A subscriber recently wrote to me: A friend of mine is on a fixed income and has maxed out his credit cards (nearing $10,000). He has started a new business, but currently has no customers or prospects. He is affirming that he is already successful and debt-free. What is the best way for him? Should he write checks to pay his bills as they arrive, even though the money may not be in his account at the moment? Wouldn’t these concrete actions demonstrate his faith?My Answer: Faith is a wonderful thing – and very necessary. There are, however, approaches that may look like faith but lead us in risky directions.
Please tell your friend that he needs to pay close attention to “real” actions and concentrate on learning to provide a service to other people that they want. (Note the emphasis is on what “they” want.) Paying bills with rubber checks isn’t an act of faith. It’s desperate gambling. I know from hard experience that it’s nearly impossible to get the right mindset for real faith or confidence when you’re circling the drain. Your friend needs to get his feet firmly under himself with real money — even if he has to go tend bar or wash dishes for the extra income for a bit. Honest, it’s no disgrace (unless he stays there).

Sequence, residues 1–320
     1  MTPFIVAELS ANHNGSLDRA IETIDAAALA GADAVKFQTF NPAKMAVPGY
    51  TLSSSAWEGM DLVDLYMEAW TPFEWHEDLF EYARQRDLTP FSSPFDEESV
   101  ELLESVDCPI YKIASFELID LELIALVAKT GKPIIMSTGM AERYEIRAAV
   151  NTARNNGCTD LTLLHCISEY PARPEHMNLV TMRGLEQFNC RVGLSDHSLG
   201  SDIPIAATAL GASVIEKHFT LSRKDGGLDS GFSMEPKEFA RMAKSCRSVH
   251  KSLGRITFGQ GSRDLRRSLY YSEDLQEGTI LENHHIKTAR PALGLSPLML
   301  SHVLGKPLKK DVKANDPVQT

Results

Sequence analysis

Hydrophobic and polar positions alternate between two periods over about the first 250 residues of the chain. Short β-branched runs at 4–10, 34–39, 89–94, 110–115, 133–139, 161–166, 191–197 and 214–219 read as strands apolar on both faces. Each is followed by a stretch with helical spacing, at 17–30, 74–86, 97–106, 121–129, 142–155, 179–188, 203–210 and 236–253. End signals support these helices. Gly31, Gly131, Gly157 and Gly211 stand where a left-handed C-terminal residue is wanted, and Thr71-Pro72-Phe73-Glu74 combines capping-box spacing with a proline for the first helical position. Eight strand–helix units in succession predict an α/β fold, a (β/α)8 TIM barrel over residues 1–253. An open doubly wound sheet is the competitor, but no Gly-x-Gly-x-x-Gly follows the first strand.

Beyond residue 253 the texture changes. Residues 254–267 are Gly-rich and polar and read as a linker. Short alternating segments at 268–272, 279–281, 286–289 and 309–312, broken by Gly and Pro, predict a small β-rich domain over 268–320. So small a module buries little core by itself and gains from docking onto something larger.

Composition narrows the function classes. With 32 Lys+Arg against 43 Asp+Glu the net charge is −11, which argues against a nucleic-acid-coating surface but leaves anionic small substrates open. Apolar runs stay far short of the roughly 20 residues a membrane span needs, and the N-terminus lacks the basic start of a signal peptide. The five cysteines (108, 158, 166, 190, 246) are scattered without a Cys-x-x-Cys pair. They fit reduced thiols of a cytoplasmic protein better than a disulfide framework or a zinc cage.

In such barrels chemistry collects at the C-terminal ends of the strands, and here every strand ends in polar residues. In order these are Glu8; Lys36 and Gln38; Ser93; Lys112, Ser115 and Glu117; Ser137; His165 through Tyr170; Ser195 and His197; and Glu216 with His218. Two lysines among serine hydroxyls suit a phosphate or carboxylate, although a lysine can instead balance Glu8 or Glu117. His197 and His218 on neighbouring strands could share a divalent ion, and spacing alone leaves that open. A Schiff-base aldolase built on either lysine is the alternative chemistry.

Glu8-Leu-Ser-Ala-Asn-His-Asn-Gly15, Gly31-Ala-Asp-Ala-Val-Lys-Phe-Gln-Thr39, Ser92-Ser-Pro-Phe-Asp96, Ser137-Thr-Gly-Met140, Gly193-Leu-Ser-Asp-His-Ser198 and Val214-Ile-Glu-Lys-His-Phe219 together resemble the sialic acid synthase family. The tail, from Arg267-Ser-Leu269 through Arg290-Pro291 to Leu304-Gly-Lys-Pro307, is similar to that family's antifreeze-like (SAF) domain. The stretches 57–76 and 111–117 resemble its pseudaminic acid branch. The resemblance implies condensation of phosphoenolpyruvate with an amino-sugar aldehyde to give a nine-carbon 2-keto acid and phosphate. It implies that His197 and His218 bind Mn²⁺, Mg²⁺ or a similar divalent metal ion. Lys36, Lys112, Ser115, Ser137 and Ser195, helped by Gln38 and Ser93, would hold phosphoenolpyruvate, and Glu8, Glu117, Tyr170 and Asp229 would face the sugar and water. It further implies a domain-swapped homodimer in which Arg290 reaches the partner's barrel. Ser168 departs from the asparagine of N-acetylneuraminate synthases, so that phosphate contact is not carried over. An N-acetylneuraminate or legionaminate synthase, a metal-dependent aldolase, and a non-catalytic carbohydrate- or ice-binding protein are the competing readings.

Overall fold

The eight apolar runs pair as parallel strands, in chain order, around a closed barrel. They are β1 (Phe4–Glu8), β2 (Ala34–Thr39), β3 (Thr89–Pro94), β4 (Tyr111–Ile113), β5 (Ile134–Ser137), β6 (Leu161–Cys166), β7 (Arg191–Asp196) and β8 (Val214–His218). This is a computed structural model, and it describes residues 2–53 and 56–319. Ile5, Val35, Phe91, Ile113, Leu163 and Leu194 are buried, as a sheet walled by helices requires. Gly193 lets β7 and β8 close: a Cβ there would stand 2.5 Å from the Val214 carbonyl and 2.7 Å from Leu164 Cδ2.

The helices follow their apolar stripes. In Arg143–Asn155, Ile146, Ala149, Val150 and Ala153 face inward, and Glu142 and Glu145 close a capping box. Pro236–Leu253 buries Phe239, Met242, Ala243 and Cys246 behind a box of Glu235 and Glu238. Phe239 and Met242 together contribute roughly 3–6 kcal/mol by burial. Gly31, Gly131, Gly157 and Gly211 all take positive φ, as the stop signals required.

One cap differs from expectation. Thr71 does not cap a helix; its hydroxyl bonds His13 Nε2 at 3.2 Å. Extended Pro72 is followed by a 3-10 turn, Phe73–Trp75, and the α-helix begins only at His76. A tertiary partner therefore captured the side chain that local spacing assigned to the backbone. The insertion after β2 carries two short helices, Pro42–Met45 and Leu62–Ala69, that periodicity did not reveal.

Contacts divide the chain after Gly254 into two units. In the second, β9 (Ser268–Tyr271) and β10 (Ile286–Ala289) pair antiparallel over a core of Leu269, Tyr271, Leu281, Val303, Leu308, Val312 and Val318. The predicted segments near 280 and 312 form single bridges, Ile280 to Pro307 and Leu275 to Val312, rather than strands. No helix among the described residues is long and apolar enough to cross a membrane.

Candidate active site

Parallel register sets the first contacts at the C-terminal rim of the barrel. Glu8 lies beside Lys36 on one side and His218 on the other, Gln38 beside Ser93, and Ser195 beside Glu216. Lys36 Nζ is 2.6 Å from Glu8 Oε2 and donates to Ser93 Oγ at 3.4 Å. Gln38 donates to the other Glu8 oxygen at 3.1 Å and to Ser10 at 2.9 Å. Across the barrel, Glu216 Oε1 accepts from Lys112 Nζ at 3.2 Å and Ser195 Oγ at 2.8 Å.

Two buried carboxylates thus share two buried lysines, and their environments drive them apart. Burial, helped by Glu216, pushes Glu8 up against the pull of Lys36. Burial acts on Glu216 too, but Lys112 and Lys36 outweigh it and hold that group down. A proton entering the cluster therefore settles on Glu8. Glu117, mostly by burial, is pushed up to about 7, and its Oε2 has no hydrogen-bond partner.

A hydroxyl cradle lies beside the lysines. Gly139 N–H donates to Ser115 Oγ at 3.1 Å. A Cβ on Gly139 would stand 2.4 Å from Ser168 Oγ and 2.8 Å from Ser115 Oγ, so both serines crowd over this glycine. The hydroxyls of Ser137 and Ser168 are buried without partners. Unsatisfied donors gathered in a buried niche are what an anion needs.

Remember that all faith needs feet. If you’re in an airplane on its way down in a power dive, you put on your parachute first. And THEN you do affirmations. The old biblical phrase “faith without works is dead” means just that – belief needs to be connected organically with action. Productive action. If it’s not, then it’s not true belief, it’s only an attempt to con yourself and the gods.
Too many people hope that they can do affirmations or pray or ASSERT, and this will save them from having to make a decision and take action. But that’s not the way it works. Action and affirmations must be bonded together as a single unit and support each other like two legs. Neither faith nor action can stand alone.